40th Anniversary of the Voting Rights Act of 1965, 46401-46402 [05-15911]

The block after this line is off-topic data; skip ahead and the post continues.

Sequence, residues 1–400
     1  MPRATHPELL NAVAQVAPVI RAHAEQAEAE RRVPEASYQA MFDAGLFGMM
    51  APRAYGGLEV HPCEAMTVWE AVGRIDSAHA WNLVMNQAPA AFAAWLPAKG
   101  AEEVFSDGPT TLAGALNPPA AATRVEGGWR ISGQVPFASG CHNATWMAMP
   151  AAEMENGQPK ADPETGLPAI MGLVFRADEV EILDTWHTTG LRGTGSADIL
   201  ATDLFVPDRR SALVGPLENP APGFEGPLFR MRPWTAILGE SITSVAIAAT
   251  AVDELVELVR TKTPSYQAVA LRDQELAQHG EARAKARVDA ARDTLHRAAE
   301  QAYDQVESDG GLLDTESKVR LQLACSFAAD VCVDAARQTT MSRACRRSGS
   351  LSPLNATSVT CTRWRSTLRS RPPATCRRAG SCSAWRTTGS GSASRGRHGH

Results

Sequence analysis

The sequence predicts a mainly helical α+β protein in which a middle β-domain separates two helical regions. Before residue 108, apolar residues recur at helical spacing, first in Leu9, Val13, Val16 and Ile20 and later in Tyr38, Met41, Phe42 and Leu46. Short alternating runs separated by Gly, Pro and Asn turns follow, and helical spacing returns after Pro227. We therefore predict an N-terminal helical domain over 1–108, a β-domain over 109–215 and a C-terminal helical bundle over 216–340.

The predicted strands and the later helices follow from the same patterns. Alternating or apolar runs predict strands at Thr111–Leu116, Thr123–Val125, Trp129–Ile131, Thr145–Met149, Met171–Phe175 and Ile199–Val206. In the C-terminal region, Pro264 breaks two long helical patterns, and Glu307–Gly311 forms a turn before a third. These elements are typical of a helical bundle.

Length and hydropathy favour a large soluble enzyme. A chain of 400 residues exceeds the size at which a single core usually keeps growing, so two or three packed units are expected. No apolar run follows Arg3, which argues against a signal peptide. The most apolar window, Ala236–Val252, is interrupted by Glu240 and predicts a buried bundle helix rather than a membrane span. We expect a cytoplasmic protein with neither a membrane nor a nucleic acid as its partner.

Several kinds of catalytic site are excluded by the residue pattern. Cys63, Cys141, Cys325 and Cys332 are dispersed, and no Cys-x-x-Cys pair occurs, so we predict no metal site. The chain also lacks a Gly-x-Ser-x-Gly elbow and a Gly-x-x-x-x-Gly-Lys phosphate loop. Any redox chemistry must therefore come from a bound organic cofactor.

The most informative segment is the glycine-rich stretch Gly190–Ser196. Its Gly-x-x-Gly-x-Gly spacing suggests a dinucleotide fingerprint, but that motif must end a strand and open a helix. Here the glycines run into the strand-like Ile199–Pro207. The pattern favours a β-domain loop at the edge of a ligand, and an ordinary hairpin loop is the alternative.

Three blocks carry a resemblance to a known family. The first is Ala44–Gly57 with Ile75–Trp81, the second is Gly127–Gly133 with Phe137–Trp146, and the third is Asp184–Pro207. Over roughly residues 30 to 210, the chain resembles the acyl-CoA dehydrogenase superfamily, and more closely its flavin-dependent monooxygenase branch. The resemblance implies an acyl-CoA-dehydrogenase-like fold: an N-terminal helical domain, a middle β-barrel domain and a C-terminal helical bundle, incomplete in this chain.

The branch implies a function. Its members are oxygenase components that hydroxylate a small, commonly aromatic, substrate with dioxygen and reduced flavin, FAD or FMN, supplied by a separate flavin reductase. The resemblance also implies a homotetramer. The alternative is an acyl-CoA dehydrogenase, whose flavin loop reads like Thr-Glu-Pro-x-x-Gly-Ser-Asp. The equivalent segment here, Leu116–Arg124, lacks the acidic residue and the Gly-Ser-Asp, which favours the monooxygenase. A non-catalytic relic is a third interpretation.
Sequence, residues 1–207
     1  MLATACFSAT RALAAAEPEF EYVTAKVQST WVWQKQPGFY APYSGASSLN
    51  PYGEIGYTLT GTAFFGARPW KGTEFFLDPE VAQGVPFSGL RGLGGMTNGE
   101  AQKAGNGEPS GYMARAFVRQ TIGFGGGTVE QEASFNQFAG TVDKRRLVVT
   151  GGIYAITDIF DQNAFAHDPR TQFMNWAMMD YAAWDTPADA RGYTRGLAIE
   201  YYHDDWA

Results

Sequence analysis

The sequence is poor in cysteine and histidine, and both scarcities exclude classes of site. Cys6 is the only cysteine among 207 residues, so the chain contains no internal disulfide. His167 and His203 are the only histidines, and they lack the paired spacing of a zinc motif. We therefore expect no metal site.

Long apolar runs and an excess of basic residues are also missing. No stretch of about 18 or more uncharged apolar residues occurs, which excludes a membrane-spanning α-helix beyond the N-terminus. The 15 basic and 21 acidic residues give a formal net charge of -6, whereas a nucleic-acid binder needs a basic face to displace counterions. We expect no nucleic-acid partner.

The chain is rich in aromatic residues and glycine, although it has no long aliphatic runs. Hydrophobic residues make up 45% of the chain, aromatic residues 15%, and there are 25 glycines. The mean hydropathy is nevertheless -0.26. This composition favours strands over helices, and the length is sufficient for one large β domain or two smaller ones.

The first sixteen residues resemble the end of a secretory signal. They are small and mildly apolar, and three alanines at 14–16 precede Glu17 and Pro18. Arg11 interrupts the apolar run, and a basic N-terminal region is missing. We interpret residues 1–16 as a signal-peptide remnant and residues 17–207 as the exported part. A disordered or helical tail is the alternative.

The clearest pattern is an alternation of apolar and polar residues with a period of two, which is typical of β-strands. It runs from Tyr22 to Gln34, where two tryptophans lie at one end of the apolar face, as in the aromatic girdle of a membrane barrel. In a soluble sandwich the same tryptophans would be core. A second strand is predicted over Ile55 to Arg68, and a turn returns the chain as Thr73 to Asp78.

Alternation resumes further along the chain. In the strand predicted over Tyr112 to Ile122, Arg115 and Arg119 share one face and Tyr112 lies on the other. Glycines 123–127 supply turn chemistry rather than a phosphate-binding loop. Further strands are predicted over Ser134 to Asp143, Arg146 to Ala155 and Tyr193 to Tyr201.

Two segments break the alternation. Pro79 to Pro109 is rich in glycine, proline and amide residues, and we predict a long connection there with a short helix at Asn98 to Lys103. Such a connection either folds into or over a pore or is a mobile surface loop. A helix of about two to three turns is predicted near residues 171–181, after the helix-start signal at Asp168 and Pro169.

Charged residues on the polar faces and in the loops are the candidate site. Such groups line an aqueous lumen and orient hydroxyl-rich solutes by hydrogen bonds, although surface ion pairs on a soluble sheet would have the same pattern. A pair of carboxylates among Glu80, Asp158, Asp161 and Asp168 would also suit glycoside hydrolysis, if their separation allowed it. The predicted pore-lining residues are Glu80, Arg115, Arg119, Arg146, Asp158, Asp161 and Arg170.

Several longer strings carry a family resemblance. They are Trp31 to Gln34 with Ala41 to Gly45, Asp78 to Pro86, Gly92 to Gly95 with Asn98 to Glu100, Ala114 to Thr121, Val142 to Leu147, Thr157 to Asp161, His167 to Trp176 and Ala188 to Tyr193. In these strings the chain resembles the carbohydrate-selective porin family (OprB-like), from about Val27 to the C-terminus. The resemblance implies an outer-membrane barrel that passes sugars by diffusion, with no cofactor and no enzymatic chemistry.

Download as PDF 46401 Presidential Documents Federal Register Vol. 70, No. 152 Tuesday, August 9, 2005 Title 3— Proclamation 7916 of August 5, 2005 The President 40th Anniversary of the Voting Rights Act of 1965 By the President of the United States of America A Proclamation In America, we believe in the freedom of every individual. This freedom includes the ability to participate in one of the most cherished rights and fundamental responsibilities of citizenship: the right to vote. The Voting Rights Act of 1965 helped ensure that all citizens would have the opportunity to vote, regardless of race. As President Lyndon Johnson said when he signed the Act, ‘‘Millions of Americans are denied the right to vote because of their color. This law will ensure them the right to vote. The wrong is one which no American, in his heart, can justify. The right is one which no American, true to our principles, can deny.’’ As we celebrate the 40th anniversary of this historic act, we reaffirm this bedrock commitment to equality and justice for all. America’s history is a story of people working for freedom, justice, and equality. We have made great progress toward achieving these ideals. In the middle of the 20th century, the conscience of America was awakened by the struggles and the courage of those who overcame racial slurs, fire hoses, and burning crosses. Brave men and women held sit-ins at lunch counters, rode buses on Freedom Rides, and marched in our Nation’s Capital and throughout our country to demand the full promise of the Declaration of Independence. The work of these courageous Americans led to the Voting Rights Act of 1965, and we remember their heroism on this anniversary. America is a stronger and better Nation because of the Voting Rights Act of 1965. As President Johnson said upon signing the Act, it is ‘‘a triumph for freedom as huge as any victory that has ever been won on any battlefield.’’ The Act was a great step forward in the history of our Nation, and it remains essential as we continue our progress toward a society in which every person of every background can realize the American Dream. NOW, THEREFORE, I, GEORGE W. BUSH, President of the United States of America, by virtue of the authority vested in me by the Constitution and Laws of the United States, do hereby proclaim August 6, 2005, as a day of celebration in honor of the 40th Anniversary of the Voting Rights Act of 1965. I call upon all Americans to observe this day with appropriate programs, ceremonies, and activities. VerDate jul<14>2003 17:52 Aug 08, 2005 Jkt 205250 PO 00000 Frm 00003 Fmt 4705 Sfmt 4790 E:\FR\FM\09AUD0.SGM 09AUD0 46402 Federal Register / Vol. 70, No. 152 / Tuesday, August 9, 2005 / Presidential Documents IN WITNESS WHEREOF, I have hereunto set my hand this fifth day of August, in the year of our Lord two thousand five, and of the Independence of the United States of America the two hundred and thirtieth. W [FR Doc. 05–15911 Filed 8–8–05; 11:21 am] Billing code 3195–01–P VerDate jul<14>2003 17:52 Aug 08, 2005 Jkt 205250 PO 00000 Frm 00004 Fmt 4705 Sfmt 4790 E:\FR\FM\09AUD0.SGM 09AUD0